• Those who will retire at 55 or older and expect to get solid Social Security




We’ve got two major X factors out there for most of us facing early retirement costs: health care and climate change impacts. Those two factors alone are enough to blow a standard budget, and when you factor in that Medicare is likely to get more expensive and Social Security benefits may decrease (or potentially go away altogether, though that’s highly unlikely), which removes a lot of the buffer we might otherwise have against rising costs, there’s reason to be better prepared than the 4% rule makes you. And that’s not even counting the high potential for lower stock market growth in the future, as predicted by Warren Buffett and plenty of others, or the other threats to our current job market construction.

So do yourself a favor, and save a little extra. If you can save 25X, you can save more than 25X, and future you will be so glad you did.


Work Optional: Retire Early the Non-Penny-Pinching Way, chapter 6 discussion of safe withdrawal rates.


Of course you do! Leave ’em in the comments. Respectful disagreement always welcome.

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32 replies »

  1. I’m a bit confused by this post. The whole point of it is that nobody can know what the future holds, so don’t trust the math (which has been pretty thoroughly vetted) behind the 4% rule. Ok, I guess the future could change for the worse and markets could collapse. That’s a fair guess (but this is just a guess, no matter how many studies are out there. Plenty of people thought nuclear war would end the world long, long ago).

    But then, do go right ahead and trust a 3.5% or 3% rule, with no supporting math? I truly do understand advocating for people to err on the side of caution. I do not plan to necessarily just retire the day I hit 4%. But why 3.5% or 3%? In such a long post, with so much information about why 4% doesn’t work, it would be nice to see the math here. If civilization is going to collapse by 2050, I doubt the 3% rule is going to hold up any better than the 4% rule!

    • Fully with you on this one, missy. We have a weak (by statistical standards) amount of historical data, not to mention the potential upcoming megashifts due to climate change, robotics/AI, healthcare, etc. ERN just posted a great (likely) example of how something that worked for decades has likely stopped working, if not greatly worsened! I completely get that there’s never a way to know for sure, but it seems like the idea of being conservative makes a lot more sense than throwing out specific numbers as “eat this, not that”.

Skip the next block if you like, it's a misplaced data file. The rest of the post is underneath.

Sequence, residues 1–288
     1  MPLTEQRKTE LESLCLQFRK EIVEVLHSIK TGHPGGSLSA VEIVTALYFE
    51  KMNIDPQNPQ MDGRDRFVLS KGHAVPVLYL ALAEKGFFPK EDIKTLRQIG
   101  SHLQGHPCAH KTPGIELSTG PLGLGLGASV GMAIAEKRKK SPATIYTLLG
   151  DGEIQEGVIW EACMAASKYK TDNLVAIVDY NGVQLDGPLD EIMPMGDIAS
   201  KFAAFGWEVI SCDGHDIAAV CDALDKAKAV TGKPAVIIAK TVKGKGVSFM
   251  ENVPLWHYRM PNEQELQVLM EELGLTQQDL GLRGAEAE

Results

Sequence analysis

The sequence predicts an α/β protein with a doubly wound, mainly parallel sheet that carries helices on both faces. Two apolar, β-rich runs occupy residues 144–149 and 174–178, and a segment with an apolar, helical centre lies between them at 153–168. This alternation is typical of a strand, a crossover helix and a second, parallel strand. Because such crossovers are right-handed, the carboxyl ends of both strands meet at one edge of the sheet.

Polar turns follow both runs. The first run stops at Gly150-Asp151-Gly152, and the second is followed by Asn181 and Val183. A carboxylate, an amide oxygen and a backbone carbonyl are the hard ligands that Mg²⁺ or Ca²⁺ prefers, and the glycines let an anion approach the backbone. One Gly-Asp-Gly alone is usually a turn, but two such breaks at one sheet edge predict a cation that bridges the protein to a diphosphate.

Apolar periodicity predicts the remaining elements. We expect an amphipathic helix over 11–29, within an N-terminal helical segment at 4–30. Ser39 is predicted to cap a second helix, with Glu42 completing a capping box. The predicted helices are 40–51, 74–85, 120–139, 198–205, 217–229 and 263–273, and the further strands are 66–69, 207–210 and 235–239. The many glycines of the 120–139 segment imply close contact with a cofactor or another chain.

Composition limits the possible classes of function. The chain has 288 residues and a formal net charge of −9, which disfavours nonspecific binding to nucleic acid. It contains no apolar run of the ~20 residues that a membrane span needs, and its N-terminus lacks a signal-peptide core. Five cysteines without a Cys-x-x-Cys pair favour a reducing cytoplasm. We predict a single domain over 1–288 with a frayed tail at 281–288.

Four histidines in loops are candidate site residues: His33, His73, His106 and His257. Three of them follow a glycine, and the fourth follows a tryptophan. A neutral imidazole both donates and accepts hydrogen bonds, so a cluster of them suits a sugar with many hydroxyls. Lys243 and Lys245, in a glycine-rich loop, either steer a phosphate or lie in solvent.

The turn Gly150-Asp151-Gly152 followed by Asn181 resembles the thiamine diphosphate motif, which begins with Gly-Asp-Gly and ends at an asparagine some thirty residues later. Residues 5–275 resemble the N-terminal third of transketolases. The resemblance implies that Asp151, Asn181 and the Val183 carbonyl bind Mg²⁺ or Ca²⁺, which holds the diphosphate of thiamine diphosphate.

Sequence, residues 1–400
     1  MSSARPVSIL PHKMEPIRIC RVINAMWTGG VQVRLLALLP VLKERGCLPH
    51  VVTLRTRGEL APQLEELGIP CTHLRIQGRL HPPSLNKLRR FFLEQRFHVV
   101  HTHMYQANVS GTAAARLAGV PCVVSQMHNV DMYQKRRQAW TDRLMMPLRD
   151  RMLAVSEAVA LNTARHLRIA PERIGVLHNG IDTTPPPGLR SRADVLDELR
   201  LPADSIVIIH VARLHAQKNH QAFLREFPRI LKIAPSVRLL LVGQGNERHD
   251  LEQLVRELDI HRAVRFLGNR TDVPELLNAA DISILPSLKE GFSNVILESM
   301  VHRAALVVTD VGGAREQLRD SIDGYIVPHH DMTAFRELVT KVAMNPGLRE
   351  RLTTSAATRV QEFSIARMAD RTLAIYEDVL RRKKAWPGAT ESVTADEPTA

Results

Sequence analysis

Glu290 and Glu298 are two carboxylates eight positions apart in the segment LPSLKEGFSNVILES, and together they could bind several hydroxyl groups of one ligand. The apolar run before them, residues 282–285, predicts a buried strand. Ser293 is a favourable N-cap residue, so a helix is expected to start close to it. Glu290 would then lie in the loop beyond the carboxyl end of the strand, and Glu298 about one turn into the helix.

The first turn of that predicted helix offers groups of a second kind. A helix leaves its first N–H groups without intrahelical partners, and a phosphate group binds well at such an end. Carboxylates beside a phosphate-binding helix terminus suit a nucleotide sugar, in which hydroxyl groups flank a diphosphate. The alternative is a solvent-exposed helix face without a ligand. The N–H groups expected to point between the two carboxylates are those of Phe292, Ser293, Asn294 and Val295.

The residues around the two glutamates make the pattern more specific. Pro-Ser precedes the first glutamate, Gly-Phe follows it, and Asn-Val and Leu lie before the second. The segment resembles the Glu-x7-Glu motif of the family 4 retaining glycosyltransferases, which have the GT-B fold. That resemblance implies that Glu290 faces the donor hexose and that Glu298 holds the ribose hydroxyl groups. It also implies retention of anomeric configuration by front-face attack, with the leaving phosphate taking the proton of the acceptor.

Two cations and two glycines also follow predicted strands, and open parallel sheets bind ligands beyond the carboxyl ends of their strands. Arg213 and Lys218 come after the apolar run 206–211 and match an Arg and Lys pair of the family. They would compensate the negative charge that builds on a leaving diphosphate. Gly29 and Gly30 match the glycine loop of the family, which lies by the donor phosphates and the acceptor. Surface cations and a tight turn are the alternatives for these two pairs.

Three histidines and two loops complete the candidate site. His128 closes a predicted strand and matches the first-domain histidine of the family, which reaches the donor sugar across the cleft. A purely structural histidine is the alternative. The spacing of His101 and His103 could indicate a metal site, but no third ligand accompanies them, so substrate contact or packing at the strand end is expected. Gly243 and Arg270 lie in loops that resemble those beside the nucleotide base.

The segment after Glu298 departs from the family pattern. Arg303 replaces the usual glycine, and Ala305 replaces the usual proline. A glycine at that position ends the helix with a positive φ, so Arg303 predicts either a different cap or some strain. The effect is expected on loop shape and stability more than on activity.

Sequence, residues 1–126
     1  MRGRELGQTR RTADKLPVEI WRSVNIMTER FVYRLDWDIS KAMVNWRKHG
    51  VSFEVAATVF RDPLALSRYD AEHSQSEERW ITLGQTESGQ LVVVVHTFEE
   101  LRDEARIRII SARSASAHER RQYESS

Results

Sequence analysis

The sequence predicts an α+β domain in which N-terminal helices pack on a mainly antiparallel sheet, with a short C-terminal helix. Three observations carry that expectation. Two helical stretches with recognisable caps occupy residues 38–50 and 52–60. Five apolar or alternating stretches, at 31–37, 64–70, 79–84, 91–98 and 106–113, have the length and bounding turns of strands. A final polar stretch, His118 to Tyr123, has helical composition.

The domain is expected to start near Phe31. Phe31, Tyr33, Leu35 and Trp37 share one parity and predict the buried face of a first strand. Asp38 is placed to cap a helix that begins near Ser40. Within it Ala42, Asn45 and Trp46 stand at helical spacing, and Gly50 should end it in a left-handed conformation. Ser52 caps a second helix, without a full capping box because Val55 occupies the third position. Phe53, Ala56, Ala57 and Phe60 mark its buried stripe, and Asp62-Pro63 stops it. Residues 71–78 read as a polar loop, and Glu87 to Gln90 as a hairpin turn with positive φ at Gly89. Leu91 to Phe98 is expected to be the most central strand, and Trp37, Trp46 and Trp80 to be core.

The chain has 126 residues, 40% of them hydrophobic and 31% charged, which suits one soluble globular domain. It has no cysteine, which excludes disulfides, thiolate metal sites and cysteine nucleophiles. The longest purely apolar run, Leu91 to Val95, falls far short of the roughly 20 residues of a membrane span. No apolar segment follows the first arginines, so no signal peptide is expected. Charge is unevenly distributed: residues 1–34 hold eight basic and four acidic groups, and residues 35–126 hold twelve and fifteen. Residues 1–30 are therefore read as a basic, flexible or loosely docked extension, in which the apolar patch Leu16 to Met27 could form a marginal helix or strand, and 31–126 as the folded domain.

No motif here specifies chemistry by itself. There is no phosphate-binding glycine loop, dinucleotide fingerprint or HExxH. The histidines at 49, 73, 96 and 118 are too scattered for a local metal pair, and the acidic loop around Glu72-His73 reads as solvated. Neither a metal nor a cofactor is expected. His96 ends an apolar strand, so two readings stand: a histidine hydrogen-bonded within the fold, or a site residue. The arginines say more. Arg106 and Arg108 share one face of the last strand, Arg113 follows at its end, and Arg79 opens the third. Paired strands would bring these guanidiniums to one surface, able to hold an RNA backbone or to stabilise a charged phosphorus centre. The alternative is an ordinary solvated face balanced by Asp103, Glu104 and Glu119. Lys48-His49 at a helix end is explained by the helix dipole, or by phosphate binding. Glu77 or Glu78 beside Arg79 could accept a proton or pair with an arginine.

2. No real substantive discussion of why the 4% rule likely won’t work or should not be relied upon other than a statement that health care costs continue to rise at a rate greater than inflation. But the costs of other goods and services have fallen. And numerous studies have shown that at a certain age, spending begins to decline. While there is, of course, no guarantee that past performance of the stock and bonds markets will continue in the future, the whole point of the rule is that it has proven workable through all kinds of economic crisis, as Michael Kitces has shown:

  3. If all humanity will end by the year 2050, the catastrophe (die off) will start earlier than that, so that means most people with live less than 30 years and the 4% rule is safe. Also since you would not want to leave any money in the bank you might as well spend 5%. AOC and the green deal gang, say the world will end in 12 years so why in the heck is anyone still working???

    • I had the same reaction. If we’re all gonna die, why work. Climate change is a computational farce.

  4. Okay, I’m so glad you included climate insecurity on this list. As the years go by I expect this one to be a continually bigger force in all things on this planet.

    Also, so honored to be a part of that NYT article with you, friend! Feels a bit surreal, but incredible.

  5. Totally agree with you about the 4% rule and erring on the side of caution. The impacts of climate change and honestly the continued ridiculous inflation on every type of healthcare expense makes me nervous (not nervous enough to lose sleep but the thoughts aren’t pleasant). I get your point, pick and number much less and make that your target instead…. Surprisingly, I pegged the safe number to be less than yours – I think 2.75% is a good bet and I structured my non-retirement investments so that I wouldn’t have to deplete the principal amount of the total to meet cash flow needs. Big picture – it’s awesome to question all the assumptions behind the 4% rule to fully understand what you are doing if you do choose to walk away from your career at 4%.

  6. I made the decision to retire in early 2017 in part based on 3 percent spending and 33x savings. Okay, my “go for it” numbers were really 3.2 percent and 32.5x, but since these were somewhat arbitrary targets anyway, I figured “close enough.” Actually, these targets were backed up by a spreadsheet that conservatively assumed 4 percent growth and 3 percent inflation over a 40+ year horizon (I’m pushing 60). My biggest worry at that time was escalating healthcare costs and the potential demise of ACA/Obamacare.